Federal Policymakers Call for Reforms to Stark Law to Promote Care Coordination and Accelerate the Move to Value-Based Care
July 18, 2018
A hearing before the U.S. House Ways & Means Health Subcommittee—Modernizing Stark Law to Ensure the Successful Transition from Volume to Value in the Medicare Program—highlighted the regulatory burden of the Stark Laws and affirmed the commitment of federal policymakers to pursue reforms that will help promote integrated and coordinated care.
In opening remarks, Subcommittee Chairman Peter Roskam (R, IL-06) called for Congress to “to update the laws to give providers an easing of burdens and give the Centers for Medicare & Medicaid Services (CMS) more flexibility to supply waivers to these providers who get into these high value arrangements.”
The Stark Law was originally enacted to ban doctors from referring patients to facilities in which the doctor has a financial interest (known as “self-referral”). The actual impact of the Stark Law has been not only to limit physician ownership of ancillary services, but to impede physicians’ ability to participate in beneficial relationships between physicians and hospitals, particularly in emerging population health initiatives.
Federal policymakers have acknowledged that the law has driven up costs for patients and created unnecessary complexity and regulatory stress for providers.
In a recent blog post, the CMS Administrator Seema Verma noted compliance with the Stark Law and accompanying regulations has been one of the top areas of regulatory burden identified by the provider community.
The Ways & Means Committee also has hosted a series of roundtable discussions—including with hospital leaders—to consider ways to cut red tape in the Medicare program, and Stark Law reform was a major subject of conversation during those forums.
Consistent with the Administration’s pledge to reduce regulatory burdens, CMS issued a solicitation for feedback on the undue impact and burden of the Stark Law and ways to dismantle barriers to value-based care transformation.
Through the Administration’s request for information (RFI), Administrator Verma and Department of Health & Human Services (HHS) Deputy Secretary Eric Hargan are calling for bold ideas on changes to Medicare’s regulations that will support close collaboration between doctors and other providers to promote a true value-based, patient-centered health care system.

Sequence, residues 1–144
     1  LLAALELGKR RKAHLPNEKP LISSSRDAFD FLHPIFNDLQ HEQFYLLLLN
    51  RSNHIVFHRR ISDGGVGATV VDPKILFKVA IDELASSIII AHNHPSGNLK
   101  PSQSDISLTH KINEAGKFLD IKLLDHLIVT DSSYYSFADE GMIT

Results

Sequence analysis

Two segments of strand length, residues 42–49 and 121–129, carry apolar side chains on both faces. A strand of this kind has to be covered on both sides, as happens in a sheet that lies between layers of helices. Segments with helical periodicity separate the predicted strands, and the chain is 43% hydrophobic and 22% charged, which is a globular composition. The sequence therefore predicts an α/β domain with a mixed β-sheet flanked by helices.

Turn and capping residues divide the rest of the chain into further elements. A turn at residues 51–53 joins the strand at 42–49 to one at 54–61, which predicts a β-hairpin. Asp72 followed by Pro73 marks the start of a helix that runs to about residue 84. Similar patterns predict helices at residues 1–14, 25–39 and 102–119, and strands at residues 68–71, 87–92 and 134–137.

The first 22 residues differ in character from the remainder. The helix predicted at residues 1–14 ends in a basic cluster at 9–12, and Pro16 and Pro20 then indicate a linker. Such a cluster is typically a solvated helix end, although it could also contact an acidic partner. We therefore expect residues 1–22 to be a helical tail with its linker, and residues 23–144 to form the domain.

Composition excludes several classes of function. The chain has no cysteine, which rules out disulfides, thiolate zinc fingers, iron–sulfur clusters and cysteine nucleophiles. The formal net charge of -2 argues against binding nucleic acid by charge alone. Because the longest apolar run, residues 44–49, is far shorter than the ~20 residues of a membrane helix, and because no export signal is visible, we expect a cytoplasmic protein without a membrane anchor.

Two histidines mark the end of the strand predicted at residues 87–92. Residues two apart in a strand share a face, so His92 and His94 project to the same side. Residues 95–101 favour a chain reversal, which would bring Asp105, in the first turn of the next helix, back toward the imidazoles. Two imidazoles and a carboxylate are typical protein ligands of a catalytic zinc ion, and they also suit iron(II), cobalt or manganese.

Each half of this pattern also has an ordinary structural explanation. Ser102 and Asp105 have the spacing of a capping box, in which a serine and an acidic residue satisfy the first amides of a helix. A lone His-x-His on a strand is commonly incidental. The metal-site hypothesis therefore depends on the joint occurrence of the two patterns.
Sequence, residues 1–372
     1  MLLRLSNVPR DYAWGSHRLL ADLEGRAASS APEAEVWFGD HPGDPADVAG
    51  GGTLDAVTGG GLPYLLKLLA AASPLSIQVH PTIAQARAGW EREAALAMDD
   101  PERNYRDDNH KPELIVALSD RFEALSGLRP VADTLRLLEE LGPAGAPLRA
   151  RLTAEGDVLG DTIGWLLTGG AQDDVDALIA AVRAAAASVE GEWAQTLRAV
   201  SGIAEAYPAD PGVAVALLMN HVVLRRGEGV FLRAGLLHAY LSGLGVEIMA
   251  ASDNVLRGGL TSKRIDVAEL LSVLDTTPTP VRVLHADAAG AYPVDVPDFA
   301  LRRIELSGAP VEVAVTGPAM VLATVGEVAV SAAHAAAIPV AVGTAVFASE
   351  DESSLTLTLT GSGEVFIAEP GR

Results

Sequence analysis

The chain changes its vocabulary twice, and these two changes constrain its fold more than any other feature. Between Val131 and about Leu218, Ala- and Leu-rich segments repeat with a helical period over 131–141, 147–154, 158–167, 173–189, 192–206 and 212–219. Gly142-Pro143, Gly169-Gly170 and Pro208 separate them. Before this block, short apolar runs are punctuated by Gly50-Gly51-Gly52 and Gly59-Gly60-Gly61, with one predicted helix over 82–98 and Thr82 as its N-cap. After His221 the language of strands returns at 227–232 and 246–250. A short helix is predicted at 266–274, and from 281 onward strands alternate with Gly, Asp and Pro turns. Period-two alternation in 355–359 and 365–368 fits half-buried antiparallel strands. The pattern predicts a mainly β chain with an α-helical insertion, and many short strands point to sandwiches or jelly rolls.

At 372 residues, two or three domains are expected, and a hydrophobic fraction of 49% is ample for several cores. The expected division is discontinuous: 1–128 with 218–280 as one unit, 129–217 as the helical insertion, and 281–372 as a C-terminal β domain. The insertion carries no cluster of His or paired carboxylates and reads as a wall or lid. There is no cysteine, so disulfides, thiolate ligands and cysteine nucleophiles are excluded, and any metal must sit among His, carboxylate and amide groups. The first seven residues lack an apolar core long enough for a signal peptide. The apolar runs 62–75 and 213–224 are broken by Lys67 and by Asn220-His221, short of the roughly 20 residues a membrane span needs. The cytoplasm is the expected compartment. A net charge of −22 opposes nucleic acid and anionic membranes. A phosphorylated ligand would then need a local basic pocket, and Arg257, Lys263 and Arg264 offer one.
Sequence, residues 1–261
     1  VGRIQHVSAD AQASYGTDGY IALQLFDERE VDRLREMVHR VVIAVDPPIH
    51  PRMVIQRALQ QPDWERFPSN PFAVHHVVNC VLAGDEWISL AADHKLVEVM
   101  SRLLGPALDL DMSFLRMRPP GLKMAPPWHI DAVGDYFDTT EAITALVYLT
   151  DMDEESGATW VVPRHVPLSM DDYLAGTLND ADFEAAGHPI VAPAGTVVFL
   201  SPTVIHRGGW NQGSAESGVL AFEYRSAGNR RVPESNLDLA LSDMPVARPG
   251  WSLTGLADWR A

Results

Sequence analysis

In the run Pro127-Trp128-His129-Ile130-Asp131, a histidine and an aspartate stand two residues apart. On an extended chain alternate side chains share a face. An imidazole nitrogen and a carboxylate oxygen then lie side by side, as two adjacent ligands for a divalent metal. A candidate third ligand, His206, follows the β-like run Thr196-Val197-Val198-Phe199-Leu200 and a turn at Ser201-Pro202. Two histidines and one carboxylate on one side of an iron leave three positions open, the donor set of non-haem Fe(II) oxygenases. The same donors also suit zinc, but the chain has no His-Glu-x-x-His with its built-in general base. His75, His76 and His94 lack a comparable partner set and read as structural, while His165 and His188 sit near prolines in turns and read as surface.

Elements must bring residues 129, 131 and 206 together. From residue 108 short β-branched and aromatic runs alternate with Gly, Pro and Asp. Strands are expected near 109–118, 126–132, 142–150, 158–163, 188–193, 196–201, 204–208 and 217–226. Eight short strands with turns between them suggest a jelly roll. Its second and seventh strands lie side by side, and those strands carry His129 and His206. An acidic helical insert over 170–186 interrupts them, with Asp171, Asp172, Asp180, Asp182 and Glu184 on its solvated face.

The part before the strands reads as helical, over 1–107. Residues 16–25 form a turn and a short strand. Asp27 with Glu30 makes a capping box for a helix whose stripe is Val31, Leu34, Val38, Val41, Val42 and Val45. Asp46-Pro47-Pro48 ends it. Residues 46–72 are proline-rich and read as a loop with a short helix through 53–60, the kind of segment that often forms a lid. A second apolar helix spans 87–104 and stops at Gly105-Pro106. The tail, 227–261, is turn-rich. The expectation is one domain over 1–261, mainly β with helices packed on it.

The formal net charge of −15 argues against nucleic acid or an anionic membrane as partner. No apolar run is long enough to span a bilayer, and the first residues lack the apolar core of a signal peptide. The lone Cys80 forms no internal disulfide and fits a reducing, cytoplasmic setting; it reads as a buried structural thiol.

CMS is particularly interested in input on:
- The structure of arrangements between parties that participate in alternative payment models or other novel financial arrangements
- The need for revisions or additions to exceptions to the physician self-referral law
- Terminology related to alternative payment models and the physician self-referral law
In testimony during the Stark Modernization hearing, HHS Deputy Secretary Hargan stressed that HHS is “open-minded about the types of changes that may be needed to make the Stark Law more compatible with the push toward integrated care and alternative payment models.”
HAP has consistently called for Stark Law reforms in response to CMS’s requests for input on avenues to provide meaningful regulatory relief, and in working with Congressional leaders on legislative regulatory reform efforts. HAP is in the process of convening Pennsylvania hospital leaders to garner feedback on productive input to provide to the Administration. HAP will be issuing a comment letter by the August 24 deadline.
Please contact Jeff Bechtel, HAP’s senior vice president, health economics and policy, or Laura Stevens Kent, HAP’s vice president, federal advocacy, for more information on federal Stark law modernization efforts or to provide insight to inform HAP’s response to the RFI.